2013 Dodge Challenger SRT8 392 review: Top dog of the Dodge brand

2013 Dodge Challenger SRT8 392

2013 Dodge Challenger SRT8 392

Looking at our test 2013 Dodge Challenger SRT8 392 in Plum Crazy, an intensely purple paint job, our friend Bud asked, “Where’s the girl you took that from.”

We answered, “One who can kick your ass.”

And smiled.

Because kicking ass, putting crudely but appropriately, is what one can do when one drives a Challenger SRT8 392. Not that its own derriere is unpuntable. It has “only” 470 horsepower, after all, and with the manual transmission like our test car, only gets to 60 mph from a standing start in the high four second range, and only turns the quarter-mile in the mid-twelves. There are quicker cars. But not very many.

2013 Dodge Challenger SRT8 392 engine

The 2013 Dodge Challenger SRT8 392 is powered by a 470 horsepower 392 cubic inch V-8. (click to enlarge)

And not many faster than the Challenger SRT8 392’s top end of 182 mph (with the six-speed manual transmission, the automatic a smidge slower).

The 2013 Dodge Challenger SRT8 392is the alpha male of the production Dodge brand—now that Viper has decamped to the SRT brand—handsome and muscled a notch ahead of more ordinary Challengers. The front splitter that wraps up into “spats” on the leading edge of the front wheel openings are genuine aerodynamic  aids, as are the scoops in the splitter, directing cooling air towards the front brakes.  The spoiler on the rear deck is functional as well, helping keep the Challenger planted at high speed.

The Plum Crazy Pearl Coat finish is functional, too. Its function is making people make silly remarks. But if purple isn’t your thing, HEMI Orange is also available, along with five more conservative colors.

2013 Dodge Challenger SRT8 392 interior

The 2013 Dodge Challenger SRT8 392 seats are trimmed in Nappa leather with suede inserts. (click to enlarge)

Dodge always spells the name of its V-8 engine in all caps, as in “HEMI®,” complete with the little trademark symbol. We’ve just used “Hemi.” But for the 392 cubic inch—to use the classic American measurements—V-8, all capital letters might just be fitting. The pushrod engine has an “advanced active intake manifold” and a high-lift cam with cam phasing (the camshaft advanced or retarded per current needs) to make its 470 horses and 470 lb-ft of torque.  The latter peaks at a relatively high 4200 rpm, but torque is plenty thick lower in the rev range too.

Our test 2014 Dodge Challenger SRT8 392 was equipped with a six-speed manual transmission with a classic pistol grip shift knob. Well, it’s not a knob. You grasp it like a baseball bat…or like the grip of a pistol. Though without the trigger. The manual transmission is a Tremec TR-6060, first offered in the Viper so definitely up to the task with the SRT-8 392.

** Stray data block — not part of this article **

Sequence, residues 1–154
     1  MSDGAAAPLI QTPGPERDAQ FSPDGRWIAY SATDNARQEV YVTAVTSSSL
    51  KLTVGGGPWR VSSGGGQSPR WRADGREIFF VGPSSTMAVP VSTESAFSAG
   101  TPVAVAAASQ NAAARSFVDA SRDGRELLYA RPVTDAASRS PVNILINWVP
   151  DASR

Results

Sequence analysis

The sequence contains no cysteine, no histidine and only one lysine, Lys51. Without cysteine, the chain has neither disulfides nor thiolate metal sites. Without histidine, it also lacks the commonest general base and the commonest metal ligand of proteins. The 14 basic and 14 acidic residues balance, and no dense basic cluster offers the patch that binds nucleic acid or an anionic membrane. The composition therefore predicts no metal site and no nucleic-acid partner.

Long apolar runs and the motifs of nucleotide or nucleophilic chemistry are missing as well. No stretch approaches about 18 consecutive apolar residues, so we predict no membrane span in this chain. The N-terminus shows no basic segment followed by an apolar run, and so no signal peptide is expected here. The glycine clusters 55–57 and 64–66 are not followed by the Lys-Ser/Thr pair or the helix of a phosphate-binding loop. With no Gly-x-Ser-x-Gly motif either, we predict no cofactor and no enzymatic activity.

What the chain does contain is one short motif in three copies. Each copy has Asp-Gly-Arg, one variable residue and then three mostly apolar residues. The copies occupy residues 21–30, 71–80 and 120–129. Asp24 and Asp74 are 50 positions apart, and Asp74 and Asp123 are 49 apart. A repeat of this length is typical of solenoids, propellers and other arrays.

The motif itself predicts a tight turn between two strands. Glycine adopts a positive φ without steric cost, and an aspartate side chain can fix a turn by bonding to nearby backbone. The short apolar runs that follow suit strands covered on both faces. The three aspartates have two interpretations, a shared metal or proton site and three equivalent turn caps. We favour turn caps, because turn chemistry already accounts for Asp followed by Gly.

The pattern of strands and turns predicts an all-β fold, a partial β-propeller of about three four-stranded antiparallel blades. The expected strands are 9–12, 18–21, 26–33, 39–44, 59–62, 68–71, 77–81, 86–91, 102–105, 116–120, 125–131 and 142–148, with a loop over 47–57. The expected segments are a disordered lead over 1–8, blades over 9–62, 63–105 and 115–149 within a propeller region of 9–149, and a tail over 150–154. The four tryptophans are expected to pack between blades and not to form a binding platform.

A five-speed automatic is also available and it’s equipped with paddle-shifters. Both transmissions come with a Getrag limited-slip rear differential.

New for 2013 is a launch control system. Tired of not being able to perform a perfect drag strip start at every traffic light? Try this with the manual transmission: With the Challenger SRT8 392 stopped, press the ESC (electronic stability control) button twice, push in the clutch with the transmission in first gear, and the quickly put the throttle petal into the carpet. The launch control system holds the engine at a selected rpm until the clutch is released, and when it is, controls wheelspin via the engine torque management system.

2013 Dodge Challenger SRT8 392 instrument panel

The 2013 Dodge Challenger SRT8 392 instrument panel is hard to read and partially blocked by the steering wheel. (click to enlarge)

The driver isn’t completely out of the mix on controlling launches, however. Using the Electronic Vehicle Information Center screen, the launch rpm can be set between 2500 to 4000 rpm in 250 rpm increments. The automatic transmission also has a similar launch control system, using the brake pedal as the trigger.

The Challenger SRT8 392 received an improved adaptive damping system for the 2013 model year. The system has three settings, Auto, Sport and Track. Auto, of course, sets the suspension tuning based on a variety of driver and road inputs, including speed, steering angle, how fast the steering wheel is being turned, throttle position, lateral/longitudinal/vertical g-forces and more.

Sport firms up the shock absorbers in compression and rebound, while Track adds performance shifting to the automatic transmission action.